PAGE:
Sex Hormone Binding Globulin and Free Testosterone—Your Normal Results May be Wrong

Are you experiencing the symptoms of low testosterone despite lab results that show a healthy total testosterone level?

You’re not alone. Men are often told that their levels are perfectly normal, yet they don’t feel well.

The truth is that diagnosing and confirming low testosterone is a complicated endeavor. It requires thorough lab testing and careful interpretation of the results. Many medical professionals fail to consider the effects of sex hormone binding globulin (SHBG) on your hormone balance and the importance of measuring bioavailable free testosterone levels.

A medical researcher uses a microscope to look at the chemical composition of sex hormone binding globulin.

More Sex Hormone Binding Globulin Means Less Free Testosterone

Sex hormone binding globulin (SHBG) is a protein produced by the liver (along with albumin) that binds to your sex hormones, including testosterone, DHT (dihydrotestosterone), and estradiol (an estrogen that is necessary for male hormone balance).

It renders testosterone molecules inert—unable to perform their crucial role.

45% to 65% of testosterone in men’s blood is bound to SHBG. Only about 2% to 3% of testosterone is immediately available as free testosterone to be utilized by the body’s tissues.

In other words, SHBG levels can affect the amount of hormone available to power many of your body’s critical systems. Higher levels of SHBG mean lower levels of usable testosterone.

Your body may be producing sufficient, healthy amounts of testosterone (revealed by a total testosterone reading) but unable to use enough of the hormone produced to function at the level it should.

(If you’re interested in the numerical total and free testosterone levels considered to be normal for your age group, read the Endocrine Society Clinical Practice Guideline here.)

How SHBG and Free Testosterone Affect Your Wellbeing

If the amount of bioavailable or free testosterone is too low, you may develop the symptoms of hypogonadism (the medical term for Low T), including:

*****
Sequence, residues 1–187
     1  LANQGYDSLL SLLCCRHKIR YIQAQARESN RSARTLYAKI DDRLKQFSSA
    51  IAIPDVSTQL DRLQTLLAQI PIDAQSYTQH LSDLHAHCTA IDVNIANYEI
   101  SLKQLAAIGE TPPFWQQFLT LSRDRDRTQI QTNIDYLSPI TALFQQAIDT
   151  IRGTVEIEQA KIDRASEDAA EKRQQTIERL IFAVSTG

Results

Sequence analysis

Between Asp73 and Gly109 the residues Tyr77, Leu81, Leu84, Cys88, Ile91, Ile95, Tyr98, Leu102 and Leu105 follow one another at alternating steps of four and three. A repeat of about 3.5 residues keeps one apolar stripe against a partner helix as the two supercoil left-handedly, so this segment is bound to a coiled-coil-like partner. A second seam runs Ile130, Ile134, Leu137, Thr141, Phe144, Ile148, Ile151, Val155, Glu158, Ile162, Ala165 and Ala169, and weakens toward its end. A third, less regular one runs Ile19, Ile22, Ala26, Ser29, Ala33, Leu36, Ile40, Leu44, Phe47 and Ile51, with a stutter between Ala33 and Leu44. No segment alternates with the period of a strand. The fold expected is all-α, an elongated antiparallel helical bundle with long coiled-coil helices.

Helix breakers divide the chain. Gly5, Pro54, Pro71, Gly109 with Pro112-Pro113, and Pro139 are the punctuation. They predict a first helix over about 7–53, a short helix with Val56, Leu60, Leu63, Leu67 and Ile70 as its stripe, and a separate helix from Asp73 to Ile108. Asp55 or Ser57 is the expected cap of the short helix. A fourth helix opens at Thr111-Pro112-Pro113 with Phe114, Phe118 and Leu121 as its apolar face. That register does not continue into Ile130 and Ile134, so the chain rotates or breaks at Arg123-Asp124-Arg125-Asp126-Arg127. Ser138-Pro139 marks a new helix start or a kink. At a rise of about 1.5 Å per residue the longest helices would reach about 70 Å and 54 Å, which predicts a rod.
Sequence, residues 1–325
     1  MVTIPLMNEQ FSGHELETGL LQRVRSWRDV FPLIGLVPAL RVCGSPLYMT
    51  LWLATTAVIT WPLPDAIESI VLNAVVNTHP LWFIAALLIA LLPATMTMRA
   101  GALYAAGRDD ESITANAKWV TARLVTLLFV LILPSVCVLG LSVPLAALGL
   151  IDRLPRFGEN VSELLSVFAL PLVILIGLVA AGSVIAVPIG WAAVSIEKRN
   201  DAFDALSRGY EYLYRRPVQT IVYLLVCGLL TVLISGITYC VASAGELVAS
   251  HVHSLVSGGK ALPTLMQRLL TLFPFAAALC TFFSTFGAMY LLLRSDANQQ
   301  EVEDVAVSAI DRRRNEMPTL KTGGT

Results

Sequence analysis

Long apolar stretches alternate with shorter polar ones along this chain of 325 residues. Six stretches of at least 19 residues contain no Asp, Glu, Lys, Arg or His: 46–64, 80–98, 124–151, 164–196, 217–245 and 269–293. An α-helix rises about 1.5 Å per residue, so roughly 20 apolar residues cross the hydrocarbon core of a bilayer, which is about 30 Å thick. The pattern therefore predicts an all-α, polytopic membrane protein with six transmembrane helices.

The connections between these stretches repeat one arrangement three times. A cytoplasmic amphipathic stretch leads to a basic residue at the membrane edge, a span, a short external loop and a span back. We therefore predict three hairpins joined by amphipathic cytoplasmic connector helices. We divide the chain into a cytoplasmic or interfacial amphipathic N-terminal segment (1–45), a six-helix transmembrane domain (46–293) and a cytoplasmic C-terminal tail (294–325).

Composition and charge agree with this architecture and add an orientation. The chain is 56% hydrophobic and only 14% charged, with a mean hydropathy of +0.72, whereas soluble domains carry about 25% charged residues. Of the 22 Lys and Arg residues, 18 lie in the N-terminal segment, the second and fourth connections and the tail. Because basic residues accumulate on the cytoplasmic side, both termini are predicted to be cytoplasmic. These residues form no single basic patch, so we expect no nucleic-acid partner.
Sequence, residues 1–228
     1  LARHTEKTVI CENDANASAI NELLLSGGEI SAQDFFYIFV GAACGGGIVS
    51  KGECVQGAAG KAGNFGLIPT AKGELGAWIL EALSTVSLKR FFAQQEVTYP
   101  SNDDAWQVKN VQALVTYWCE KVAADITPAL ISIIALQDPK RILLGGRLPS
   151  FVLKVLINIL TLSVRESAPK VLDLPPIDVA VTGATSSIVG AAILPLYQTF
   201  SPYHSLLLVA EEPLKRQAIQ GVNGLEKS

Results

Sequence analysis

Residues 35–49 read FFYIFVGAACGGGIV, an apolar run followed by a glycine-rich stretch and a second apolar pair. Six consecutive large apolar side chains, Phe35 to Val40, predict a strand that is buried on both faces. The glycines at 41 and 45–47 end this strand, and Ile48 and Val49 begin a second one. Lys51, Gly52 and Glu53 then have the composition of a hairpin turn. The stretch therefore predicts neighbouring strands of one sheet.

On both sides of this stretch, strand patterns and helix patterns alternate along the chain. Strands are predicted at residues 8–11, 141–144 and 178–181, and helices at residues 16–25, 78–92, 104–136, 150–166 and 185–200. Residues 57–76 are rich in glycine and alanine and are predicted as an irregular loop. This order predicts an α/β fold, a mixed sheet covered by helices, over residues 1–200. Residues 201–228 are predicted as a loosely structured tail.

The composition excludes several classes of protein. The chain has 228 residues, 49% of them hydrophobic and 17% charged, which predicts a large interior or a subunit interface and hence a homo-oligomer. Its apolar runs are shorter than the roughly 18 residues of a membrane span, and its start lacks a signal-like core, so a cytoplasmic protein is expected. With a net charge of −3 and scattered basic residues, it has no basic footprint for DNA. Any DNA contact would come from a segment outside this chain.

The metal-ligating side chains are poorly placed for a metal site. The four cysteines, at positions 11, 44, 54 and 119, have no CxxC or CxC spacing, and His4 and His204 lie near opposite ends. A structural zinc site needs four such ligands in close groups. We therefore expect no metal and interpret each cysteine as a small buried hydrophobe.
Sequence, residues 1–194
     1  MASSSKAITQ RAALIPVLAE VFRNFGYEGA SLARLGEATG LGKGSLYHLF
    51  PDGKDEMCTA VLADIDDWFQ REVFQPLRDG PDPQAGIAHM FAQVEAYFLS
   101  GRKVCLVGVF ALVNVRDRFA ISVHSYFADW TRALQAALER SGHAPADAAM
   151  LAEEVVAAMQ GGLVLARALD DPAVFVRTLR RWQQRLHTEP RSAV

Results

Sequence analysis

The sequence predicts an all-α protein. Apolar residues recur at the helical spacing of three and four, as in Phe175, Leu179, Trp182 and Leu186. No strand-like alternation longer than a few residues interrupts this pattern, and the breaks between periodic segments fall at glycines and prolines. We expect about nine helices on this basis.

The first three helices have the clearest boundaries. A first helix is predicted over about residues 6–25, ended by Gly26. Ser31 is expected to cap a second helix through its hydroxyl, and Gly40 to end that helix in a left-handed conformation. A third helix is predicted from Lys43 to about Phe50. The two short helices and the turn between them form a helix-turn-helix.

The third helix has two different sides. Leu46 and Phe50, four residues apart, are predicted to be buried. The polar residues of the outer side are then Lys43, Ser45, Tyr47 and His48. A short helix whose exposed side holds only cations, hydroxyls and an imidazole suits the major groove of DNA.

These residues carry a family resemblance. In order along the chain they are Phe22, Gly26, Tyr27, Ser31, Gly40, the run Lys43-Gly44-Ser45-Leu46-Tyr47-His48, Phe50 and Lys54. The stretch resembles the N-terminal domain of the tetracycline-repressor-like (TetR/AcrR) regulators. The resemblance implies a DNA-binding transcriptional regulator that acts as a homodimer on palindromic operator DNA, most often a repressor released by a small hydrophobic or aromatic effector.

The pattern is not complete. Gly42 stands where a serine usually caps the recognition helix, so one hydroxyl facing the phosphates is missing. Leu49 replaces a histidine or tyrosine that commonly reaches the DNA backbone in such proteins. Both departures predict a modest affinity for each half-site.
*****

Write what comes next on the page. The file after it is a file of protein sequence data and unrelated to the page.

• Low libido (sex drive)
  • Erectile difficulty
  • Fatigue
  • Weight control problems
  • Concentration and memory deficits
  • Anxiety
  • Depressed mood
  • Weakened bone structure (osteoporosis)
  • Possible pulmonary issues

Men who are told their levels are normal yet experience symptoms may be in a situation where their free testosterone levels have not been measured correctly, and the role of sex hormone binding globulin (SHBG) has not been assessed properly.

If you have too much SHBG, what is considered a healthy total testosterone level for others could be insufficient for your body. You actually may have low testosterone because your free testosterone levels are too low.

The Good News About Testosterone Replacement Therapy

Whether you’re experiencing symptomatic, clinical hypogonadism due to insufficient production of testosterone or due to high levels of SHBG reducing your free testosterone, it’s important to realize:

  • You’re not just getting old
  • Your debilitating symptoms are not normal
  • You don’t have to live with your symptoms

Low T is treatable.

The most effective way to restore and then maintain healthy testosterone levels for men who are chronically deficient (regardless of the root cause) is Testosterone Replacement Therapy (TRT).

This treatment has improved the quality of life of a growing multitude of men worldwide. With a little help from our team of professionals, you can enjoy life again, and you can rest assured that we’ll take good care of you, every step of the way.

Your initial consultation is free.

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LOW T RESOURCES

(Augie) Juan Augustine Galindo Jr. MPAS, PA-C

(Augie) Juan Augustine Galindo Jr. MPAS, PA-C started his career in healthcare as a fireman/paramedic in West Texas where he served on the Midland Fire Department from 1998-2004.   He became interested in testosterone treatment after seeing how hormone replacement doctors helped those suffering from low testosterone.   After graduating from the Texas Tech Health Sciences Center Physician Assistant Program, he moved to DFW where he currently lives with his wife and three children.

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